7129LAWPL Postgraduate Legal Research Methods
The module is assessed by a research proposal of approximately 4,500-5,000 words, which accounts for 100% of your overall mark and can form the basis for your dissertation. The deadline for submission is Monday 3rd April 2020.
You will receive feedback on your coursework within 15 working days of the submission deadline. You may also seek oral feedback from the marker of your essay
You will be guided through the requirements of the research proposal in the sessions delivered as part of this module, and there will be ad hoc opportunities to discuss your progress with the module leader. However, your research proposal should broadly comprise the following elements:
1. A working title – this should give some indication of the general themes/issues to be explored by the research.
2. An abstract (approx. 300 words) – this summarises the main contribution to be made by the research. Look at journal articles for guidance.
3. Research objectives – these should be bullet-pointed and spell out what you hope to achieve by your research.
4. Research questions – these should also be bullet-pointed and are derived from the objectives above, albeit being more specific/focused.
5. Literature review – this is the most substantive part of the proposal. It should comprise at least 75% of your essay, and should survey the most relevant literature produced in the area of your proposed research. You should draw out the main themes and questions tackled, in turn identifying a specific focus for your own research that has either not been addressed already or which you may tackle in a different way.
6. Methodology – you should explain what methodology you intend to use and why this is most appropriate for your research. This is often rather brief for law projects, but may be longer if you are using more sophisticated research methods.
·Topic: a Masters Dissertation differs from an undergraduate essay in that there is a requirement of originality. It is not a long essay on a prescribed topic, nor is it an essay that demonstrates understanding of a thoroughly researched area.
·The student should make a contribution to the discussion that adds something new by way of approach, interpretation, comparison, or new perspective.
·The proposal should offer a clear rationale for the study explaining:
·what the subject of the study is,
·why it has been undertaken,
·how the study will be undertaken,
·what has already been covered and
·what the new contribution is.
NB: The rationale for the study includes a literature review but it is not a comprehensive literature review. The student should be able to demonstrate familiarity with and make a critical evaluation of the research already existing in the field.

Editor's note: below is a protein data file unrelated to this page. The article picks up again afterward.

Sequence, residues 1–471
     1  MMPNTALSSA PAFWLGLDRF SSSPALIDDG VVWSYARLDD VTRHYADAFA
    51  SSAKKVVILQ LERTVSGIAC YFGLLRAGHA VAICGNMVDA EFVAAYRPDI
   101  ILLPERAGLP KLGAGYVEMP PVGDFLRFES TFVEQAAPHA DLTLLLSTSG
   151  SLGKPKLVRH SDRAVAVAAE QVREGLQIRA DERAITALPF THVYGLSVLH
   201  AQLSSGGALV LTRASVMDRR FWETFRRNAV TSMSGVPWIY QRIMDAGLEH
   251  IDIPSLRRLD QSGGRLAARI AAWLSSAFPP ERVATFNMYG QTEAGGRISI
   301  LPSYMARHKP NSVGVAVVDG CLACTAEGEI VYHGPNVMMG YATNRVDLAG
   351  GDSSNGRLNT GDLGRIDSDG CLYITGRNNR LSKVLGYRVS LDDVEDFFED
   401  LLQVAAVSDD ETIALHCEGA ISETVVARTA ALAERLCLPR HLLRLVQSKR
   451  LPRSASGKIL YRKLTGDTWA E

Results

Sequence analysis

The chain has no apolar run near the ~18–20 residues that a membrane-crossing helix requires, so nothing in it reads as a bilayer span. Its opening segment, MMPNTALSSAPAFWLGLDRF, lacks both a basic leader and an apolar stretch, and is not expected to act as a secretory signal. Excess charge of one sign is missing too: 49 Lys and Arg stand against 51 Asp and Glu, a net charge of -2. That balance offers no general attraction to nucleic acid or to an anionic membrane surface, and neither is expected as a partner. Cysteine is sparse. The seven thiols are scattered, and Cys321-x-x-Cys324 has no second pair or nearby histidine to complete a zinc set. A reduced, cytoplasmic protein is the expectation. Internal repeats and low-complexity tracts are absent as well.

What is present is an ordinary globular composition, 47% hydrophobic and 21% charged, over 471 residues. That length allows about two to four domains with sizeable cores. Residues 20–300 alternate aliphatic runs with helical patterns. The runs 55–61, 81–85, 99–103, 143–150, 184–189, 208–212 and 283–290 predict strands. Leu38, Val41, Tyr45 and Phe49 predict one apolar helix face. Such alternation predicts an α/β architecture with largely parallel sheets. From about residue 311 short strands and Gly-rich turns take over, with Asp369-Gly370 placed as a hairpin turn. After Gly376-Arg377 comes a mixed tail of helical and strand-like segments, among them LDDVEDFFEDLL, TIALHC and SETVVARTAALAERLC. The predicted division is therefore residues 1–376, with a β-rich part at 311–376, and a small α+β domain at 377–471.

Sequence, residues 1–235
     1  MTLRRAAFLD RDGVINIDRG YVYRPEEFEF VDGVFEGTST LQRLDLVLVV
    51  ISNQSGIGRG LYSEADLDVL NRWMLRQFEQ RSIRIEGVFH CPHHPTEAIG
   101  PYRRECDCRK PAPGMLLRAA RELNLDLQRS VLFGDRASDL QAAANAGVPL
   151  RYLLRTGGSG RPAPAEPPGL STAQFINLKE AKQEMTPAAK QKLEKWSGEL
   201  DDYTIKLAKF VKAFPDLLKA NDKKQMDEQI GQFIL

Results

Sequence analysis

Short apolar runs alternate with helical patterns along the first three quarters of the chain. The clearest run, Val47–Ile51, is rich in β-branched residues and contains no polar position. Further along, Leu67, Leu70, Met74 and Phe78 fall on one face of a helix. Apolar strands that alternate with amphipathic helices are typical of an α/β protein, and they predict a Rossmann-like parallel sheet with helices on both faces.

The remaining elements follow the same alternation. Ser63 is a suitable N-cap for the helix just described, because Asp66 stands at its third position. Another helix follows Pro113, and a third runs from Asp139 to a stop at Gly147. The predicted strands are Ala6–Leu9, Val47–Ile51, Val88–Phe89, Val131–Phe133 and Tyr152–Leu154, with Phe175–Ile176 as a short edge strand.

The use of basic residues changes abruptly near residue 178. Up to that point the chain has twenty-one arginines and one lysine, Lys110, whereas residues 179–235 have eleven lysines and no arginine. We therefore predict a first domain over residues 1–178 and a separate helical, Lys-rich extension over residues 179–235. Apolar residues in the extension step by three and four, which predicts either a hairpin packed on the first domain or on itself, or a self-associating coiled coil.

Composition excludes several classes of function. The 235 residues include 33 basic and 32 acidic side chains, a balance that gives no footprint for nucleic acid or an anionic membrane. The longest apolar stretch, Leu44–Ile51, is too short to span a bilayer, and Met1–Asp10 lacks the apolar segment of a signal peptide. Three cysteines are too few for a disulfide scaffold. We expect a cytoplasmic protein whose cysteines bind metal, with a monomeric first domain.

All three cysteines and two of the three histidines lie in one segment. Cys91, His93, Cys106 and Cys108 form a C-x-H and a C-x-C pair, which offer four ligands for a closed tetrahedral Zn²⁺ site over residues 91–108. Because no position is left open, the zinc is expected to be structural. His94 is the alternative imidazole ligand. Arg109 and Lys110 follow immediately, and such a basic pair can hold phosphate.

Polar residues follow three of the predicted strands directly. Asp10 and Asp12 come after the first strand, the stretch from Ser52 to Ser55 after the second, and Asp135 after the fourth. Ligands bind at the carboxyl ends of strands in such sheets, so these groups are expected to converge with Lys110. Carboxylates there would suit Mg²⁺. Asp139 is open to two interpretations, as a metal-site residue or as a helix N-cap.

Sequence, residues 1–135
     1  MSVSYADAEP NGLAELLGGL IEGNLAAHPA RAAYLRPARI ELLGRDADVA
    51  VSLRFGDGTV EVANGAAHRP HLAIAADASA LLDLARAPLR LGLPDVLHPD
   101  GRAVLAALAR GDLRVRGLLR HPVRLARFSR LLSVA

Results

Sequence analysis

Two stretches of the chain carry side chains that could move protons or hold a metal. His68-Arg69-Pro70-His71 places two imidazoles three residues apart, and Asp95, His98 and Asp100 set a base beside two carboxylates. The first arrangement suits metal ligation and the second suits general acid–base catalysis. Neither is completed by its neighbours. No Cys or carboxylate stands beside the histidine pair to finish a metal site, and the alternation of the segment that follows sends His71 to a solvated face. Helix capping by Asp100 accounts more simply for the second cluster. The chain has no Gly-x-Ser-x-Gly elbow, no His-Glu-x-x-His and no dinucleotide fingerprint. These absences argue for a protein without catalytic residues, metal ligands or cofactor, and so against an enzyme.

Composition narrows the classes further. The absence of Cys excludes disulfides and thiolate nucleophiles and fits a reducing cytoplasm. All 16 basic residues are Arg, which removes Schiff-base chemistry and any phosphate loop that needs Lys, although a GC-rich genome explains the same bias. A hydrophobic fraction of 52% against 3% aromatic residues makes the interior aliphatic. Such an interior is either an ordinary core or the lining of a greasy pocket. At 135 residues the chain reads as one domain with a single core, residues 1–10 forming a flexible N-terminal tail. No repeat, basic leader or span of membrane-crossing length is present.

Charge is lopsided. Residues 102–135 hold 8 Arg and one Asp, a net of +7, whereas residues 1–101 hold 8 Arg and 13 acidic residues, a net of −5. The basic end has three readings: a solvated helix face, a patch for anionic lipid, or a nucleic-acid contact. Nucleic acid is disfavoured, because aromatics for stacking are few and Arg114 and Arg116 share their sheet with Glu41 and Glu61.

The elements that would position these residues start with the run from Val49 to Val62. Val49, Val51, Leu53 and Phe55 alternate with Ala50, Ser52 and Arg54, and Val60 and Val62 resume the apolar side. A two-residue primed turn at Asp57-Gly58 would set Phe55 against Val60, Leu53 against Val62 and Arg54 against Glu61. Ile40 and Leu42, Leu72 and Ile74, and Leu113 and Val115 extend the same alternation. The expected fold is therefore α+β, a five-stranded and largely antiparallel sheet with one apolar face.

The rationale should place your topic in context and explain where the line of enquiry you are pursuing joins the academic conversation and how it offers a different approach, perspective, or comparative viewpoint.
This assessment requires that the student to demonstrate a high level of research skills in the form of proper referencing of materials, the compilation of a bibliography and the appropriate use of primary and secondary materials.
1. Write in properly constructed sentences and paragraphs. Write grammatically, not colloquially – do not write e.g., ‘couldn’t’ or ‘could of’.
2. Do not write in the first (I/we) or second (you) person, only in the third (it).
3. Do not refer to unspecified persons by way of support, eg ‘it is thought by many’, ‘others have suggested’, unless you can footnote the source and explain who ‘thought’ or ‘suggested’.
4. Be precise in your use of language, i.e. avoid vague words such as ‘simply’.
5. Only use words/phrases/legal terms of art/abbreviations or Latin, if you know what they mean: e.g. means ‘for example; i.e. means ‘that is’.
The boxes below provide the marking criteria checklist. The marker will keep the following points in mind to judge the overall quality of the work. Every proposal is second marked. Marks are moderated by an external examiner. Students should also use the assessment criteria as a checklist.
The formulation of the topic and the validity of the study
Justification for the choice of the research topic
Identification of key research problem/s (critical issues surrounding the choice of the research topic)
The appropriateness of the methodology
Familiarity with the literature in the field and how the literature review exposes the gap in the current research and ties in with the research question
A coherent structure detailing the (time) plan of the research project
The assessment must be word processed, single sided, produced in double spacing and 12 font
Fully and accurately acknowledge (reference) all sources (consult style sheet- Oxford Standard for the Citation of Legal Authorities - OSCOLA)